A Torah recovered from Nazi- occupied Europe, dating back to the year 1880 has found a new home at Calvary Hospital.
According to Jewish Law, the Torah is a living document, and when it has become so worn that it can no longer be used, it must be buried.
However, Calvary, which specializes in end-of-life care, and whose philosophy states that “life continues on,” will bring this ancient script back to life rather than bury it.
Torah 515 has an extremely historic and significant meaning to the community because of its resilience through one of the greatest injustices in human history – the script was stolen by the Nazis from a synagogue in the town of Taus-Domazlice which is in modern-day Czech Republic.
It happened at a time when all Jewish ritual and sacred items were being looted or confiscated.
“This came out of the ashes of the Holocaust, and it is a light that will continue burning,” said Rabbi Rachmiel Rothberger, who is the Jewish community liaison at Calvary Hospital.
After enlisting the help of an expert Torah scribe to examine the script in 2014, it was found that while the damage was significant, reparation for this 135- year old script was possible.
The restoration is set to be a year-long endeavor, as it offically began in November of this year and is set to be completed by November of 2016.
The parchment needs to be repaired as parts are uneven and worn.
Most of the letters need to be re- written or re-blackened so they are legible.
This work will be done slowly and with precision by expert scribes called sofers who are trained how to write and repair ancient scripts.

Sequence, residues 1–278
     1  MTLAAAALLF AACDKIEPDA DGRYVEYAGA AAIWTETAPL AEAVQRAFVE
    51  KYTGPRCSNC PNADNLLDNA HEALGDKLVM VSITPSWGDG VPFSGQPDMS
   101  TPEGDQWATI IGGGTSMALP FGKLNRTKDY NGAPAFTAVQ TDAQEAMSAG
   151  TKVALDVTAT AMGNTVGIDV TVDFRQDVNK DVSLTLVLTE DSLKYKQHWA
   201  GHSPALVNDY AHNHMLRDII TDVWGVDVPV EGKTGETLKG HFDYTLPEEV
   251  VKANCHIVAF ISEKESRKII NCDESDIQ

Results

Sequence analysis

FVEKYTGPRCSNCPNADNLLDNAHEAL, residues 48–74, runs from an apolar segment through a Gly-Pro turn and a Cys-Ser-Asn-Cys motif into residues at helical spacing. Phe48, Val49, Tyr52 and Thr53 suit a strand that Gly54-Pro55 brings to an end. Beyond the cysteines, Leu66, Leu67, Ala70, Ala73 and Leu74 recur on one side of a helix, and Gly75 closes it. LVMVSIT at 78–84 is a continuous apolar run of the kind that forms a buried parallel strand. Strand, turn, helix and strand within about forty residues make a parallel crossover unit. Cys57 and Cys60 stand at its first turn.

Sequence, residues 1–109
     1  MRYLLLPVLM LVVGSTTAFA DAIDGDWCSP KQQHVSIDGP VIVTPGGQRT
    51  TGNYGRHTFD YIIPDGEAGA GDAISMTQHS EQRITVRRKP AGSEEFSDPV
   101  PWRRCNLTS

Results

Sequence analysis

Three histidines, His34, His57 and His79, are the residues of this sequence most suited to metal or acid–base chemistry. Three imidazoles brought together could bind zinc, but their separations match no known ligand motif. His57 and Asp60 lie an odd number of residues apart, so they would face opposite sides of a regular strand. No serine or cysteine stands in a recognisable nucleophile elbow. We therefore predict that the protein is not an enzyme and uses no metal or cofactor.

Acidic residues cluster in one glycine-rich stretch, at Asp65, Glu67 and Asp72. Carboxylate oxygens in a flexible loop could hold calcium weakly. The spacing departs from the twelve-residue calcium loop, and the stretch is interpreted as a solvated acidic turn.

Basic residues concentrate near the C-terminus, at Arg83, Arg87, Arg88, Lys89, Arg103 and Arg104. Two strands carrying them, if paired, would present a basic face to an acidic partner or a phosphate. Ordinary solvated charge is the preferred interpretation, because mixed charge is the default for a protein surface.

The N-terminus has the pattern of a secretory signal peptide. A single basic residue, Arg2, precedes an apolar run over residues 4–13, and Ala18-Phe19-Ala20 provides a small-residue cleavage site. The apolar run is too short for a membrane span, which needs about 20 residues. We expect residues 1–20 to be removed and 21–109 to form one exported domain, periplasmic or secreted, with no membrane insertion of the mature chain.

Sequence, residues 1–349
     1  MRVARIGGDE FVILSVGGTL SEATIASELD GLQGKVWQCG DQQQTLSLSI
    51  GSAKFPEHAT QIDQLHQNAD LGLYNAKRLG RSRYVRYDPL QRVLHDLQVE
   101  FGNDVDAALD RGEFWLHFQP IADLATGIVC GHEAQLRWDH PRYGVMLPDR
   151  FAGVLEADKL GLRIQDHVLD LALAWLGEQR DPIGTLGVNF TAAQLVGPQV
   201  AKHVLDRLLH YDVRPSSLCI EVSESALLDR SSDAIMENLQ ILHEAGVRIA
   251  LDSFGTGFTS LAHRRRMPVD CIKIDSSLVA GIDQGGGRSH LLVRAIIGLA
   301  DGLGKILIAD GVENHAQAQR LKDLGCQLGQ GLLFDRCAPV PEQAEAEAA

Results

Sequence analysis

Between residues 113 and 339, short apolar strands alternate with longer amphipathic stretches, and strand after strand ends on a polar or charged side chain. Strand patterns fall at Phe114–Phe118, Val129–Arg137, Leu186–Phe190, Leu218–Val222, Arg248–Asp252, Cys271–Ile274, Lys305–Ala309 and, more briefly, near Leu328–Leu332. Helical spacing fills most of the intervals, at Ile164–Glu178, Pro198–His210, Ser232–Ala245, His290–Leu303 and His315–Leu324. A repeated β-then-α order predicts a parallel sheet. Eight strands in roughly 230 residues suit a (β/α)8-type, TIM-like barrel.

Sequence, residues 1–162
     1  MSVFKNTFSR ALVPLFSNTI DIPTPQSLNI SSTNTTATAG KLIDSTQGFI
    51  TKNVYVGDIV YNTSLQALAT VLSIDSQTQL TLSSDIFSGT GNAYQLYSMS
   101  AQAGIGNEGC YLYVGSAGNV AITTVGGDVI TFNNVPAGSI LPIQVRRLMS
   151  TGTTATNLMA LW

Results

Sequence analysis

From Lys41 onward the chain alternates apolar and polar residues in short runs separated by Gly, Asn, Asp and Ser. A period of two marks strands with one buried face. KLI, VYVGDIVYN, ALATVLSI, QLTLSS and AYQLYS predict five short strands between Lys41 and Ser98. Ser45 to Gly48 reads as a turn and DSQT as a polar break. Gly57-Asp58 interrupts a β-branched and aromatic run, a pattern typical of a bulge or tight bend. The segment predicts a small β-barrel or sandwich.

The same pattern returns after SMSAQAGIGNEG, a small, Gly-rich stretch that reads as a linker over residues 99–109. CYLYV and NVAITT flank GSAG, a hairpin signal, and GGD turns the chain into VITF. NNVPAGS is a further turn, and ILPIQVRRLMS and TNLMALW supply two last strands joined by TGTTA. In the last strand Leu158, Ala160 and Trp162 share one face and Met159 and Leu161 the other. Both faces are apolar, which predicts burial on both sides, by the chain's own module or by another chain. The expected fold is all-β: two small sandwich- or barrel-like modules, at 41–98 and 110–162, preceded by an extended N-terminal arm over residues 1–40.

To restore the Torah the document must be completely free of any blemish, meaning that all words must be complete, no letters can be missing, and it must remain free of unwanted marks.
The process to meet this goal is of course very intensive and time consuming due to the scrolls’ age and history.
“When you look at it, it’s not just parchment,” says Rothberger, “There’s something about it, and it’s still literally alive.”
Torah 515 is one of 1,564 Torahs that were rescued by the Memorial Scrolls Trust in London at the end of World War II.
The organization now lends out the scrolls to institutions, hospitals and schools all over the world, and has permanently loaned this particular Torah to Calvary Hospital.
“The Trust [Memorial Scrolls Trust] wants them to really be used,” said Rothberger. “I look forward to restoring life to this sacred scroll.”
Calvary Hospital has been working to establish the hospital’s commitment to Jewish patients and their families.
The hospital now has three rabbis on staff, a kosher pantry, and has worked with Yeshiva University to educate people on the Orthodox Jewish community since 2012.
On December 17, Calvary Hospital hosted an event on ‘Halachic End-of-life Care’ to educate community rabbis and leaders on the issues surrounding end-of-life care in accordance with Jewish law.